Kunis: ‘If this is happening to me, it is happening more aggressively to women everywhere’
“‘You’ll never work in this town again.’ A cliché to be sure, but also what a producer threatened when I refused to pose semi-naked on the cover of a men’s magazine to promote our film.” So begins an open letter Actress Mila Kunis wrote about the rampant sexism she faces in Hollywood and how she vows to stand up against it.
In the letter entitled, “You’ll Never Work In This Town Again,” originally published on Medium, she slams a male producer (who hasn’t been named) for telling her “you’ll never work in this town again.” The producer made the psuedo-threat after Kunis refused to pose semi-nude on the cover of a men’s magazine to promote a film.
“What this producer may never realize is that he spoke aloud the exact fear every woman feels when confronted with gender bias in the workplace,” Kunis writes.
She’s exactly correct. The disparities, barriers, and push back women face are well documented and prevent us from getting ahead. We’re behind in leadership roles in almost every corporate area. It’s not for lack of desire, effort, or aspiration either. In a 2016 Women in the Workplace study conducted by LeanIn.org and McKinsey, it was found that women are promoted less than men, even though both try to get promotions at the same rates. Women that negotiate in the workplace were 30 percent more likely than men to receive negative feedback and be called “intimidating,” “too aggressive,” or even “bossy.”
Kunis echoed these sentiments and said, “We don’t want to be kicked out of the sand box for being a ‘bitch.’ So we compromise our integrity for the sake of maintaining status quo and hope that change is coming.”
How many times have we wanted to say “no” to something in the workplace that we’re uncomfortable with, but obliged anyway because we didn’t want to be viewed as “difficult” or “dramatic”? How many times have we bit our tongues and not spoke out against gender discrimination to simply keep our jobs, keep money in our accounts, and food on the table for our families?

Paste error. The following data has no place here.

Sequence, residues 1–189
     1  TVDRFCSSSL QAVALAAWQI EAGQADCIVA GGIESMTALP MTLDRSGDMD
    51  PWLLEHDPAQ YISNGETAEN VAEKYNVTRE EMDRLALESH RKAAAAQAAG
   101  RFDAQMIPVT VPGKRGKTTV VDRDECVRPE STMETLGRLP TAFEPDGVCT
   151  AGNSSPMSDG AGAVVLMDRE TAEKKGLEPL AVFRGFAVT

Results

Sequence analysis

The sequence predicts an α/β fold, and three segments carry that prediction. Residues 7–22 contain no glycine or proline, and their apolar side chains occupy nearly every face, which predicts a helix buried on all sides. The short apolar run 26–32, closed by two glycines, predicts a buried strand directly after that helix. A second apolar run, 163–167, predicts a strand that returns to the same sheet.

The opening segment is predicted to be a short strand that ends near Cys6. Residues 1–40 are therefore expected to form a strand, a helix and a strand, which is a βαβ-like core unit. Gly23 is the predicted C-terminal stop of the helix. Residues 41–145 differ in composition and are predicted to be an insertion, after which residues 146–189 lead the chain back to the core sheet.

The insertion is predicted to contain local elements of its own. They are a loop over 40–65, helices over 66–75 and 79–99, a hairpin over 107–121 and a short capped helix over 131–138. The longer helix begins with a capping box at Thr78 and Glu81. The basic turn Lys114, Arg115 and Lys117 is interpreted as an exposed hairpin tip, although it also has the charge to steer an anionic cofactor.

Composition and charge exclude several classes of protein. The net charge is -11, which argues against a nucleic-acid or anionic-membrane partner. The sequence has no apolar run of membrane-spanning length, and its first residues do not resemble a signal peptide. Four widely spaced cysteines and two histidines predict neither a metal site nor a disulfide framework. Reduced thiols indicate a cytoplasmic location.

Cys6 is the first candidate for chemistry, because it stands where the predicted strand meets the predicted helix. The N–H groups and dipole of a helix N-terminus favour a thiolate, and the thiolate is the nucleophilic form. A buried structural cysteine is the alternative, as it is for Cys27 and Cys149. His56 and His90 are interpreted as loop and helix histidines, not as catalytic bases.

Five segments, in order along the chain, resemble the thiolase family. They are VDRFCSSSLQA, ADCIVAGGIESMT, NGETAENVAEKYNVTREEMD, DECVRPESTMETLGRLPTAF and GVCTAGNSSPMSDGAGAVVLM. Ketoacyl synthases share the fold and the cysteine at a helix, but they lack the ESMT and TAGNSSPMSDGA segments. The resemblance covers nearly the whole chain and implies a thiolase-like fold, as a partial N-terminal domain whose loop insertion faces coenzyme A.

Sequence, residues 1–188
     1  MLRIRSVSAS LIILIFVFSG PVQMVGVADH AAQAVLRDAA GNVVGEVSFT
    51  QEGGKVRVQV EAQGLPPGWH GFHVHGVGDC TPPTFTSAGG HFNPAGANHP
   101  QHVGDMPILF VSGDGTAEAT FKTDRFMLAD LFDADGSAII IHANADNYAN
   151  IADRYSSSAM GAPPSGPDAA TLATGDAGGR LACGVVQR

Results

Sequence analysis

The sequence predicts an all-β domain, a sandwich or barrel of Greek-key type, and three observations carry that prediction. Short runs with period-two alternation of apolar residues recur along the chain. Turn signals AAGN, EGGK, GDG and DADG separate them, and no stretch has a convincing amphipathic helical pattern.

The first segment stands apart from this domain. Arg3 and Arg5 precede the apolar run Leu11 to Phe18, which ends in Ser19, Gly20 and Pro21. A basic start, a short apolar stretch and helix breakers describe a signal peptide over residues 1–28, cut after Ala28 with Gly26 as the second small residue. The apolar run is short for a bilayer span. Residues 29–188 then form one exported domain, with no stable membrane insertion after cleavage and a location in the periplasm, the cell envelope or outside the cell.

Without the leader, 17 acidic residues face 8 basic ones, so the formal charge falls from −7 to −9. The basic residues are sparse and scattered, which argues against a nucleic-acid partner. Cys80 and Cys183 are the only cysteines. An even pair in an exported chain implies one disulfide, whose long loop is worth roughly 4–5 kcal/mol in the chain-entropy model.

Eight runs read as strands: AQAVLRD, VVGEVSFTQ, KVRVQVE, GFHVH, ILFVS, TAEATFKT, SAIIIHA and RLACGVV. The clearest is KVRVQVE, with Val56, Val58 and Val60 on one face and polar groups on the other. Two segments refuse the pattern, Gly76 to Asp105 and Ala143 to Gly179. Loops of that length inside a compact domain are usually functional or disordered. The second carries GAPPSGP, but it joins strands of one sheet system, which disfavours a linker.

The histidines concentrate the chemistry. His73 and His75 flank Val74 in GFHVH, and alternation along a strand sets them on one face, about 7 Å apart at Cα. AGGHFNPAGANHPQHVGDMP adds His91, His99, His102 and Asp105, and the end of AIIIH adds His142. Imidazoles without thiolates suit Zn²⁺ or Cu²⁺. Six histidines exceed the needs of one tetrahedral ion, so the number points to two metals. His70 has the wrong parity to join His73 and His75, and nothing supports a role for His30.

Kunis continued to rage against Hollywood’s relentless sexism and slammed the industry for paying her less, insulting her and ignoring her creative ideas. “In the process of pitching this show to a major network, the typical follow-up emails were sent to executives at this network, she explains. “In this email chain, this producer chose to email the following: ‘And Mila is a mega star. One of biggest actors in Hollywood and soon to be Ashton’s wife and baby momma!!!'”
“This is the entirety of his email,” she goes on. “Factual inaccuracies aside, he reduced my value to nothing more than my relationship to a successful man and my ability to bear children. It ignored my (and my team’s) significant creative and logistical contributions.”
Why can’t women get credit for their accomplishments outside of being someone’s wife or someone’s mother? We’re not binary beings with two functions of husband loving and child rearing. We have passions, talents, interests, and smarts that are outside of marriage and care taking. We don’t exist solely to be someone’s wife and someone’s womb. Never mind the exponential success she’s accrued and earned in her life by her own rite, grit, talent, and hard work. It apparently can only be seen through the narrow prism of wife and mother.
Eventually she became so fed up that she started her own production company, Orchard Farm Productions. She said everyone on her team, male and female, is committed to churning out projects that reflect different perspectives and respect equality.
“I’m done compromising; even more so I’m done with being compromised,” Kunis declares. “So from this point forward, when I am confronted with one of these comments, subtle or overt, I will address them head on; I will stop in the moment and do my best to educate.”
Kunis vowed to stand up to these injustices and educate people whenever she can. “I cannot guarantee that my objections will be taken to heart, but at least now I am part of creating an environment where there is the opportunity for growth,” she writes. “And if my comments fall on deaf ears, I will choose to walk away.”
She ends her letter with the most satisfying mic drop:
“I will work in this town again, but I will not work with you.”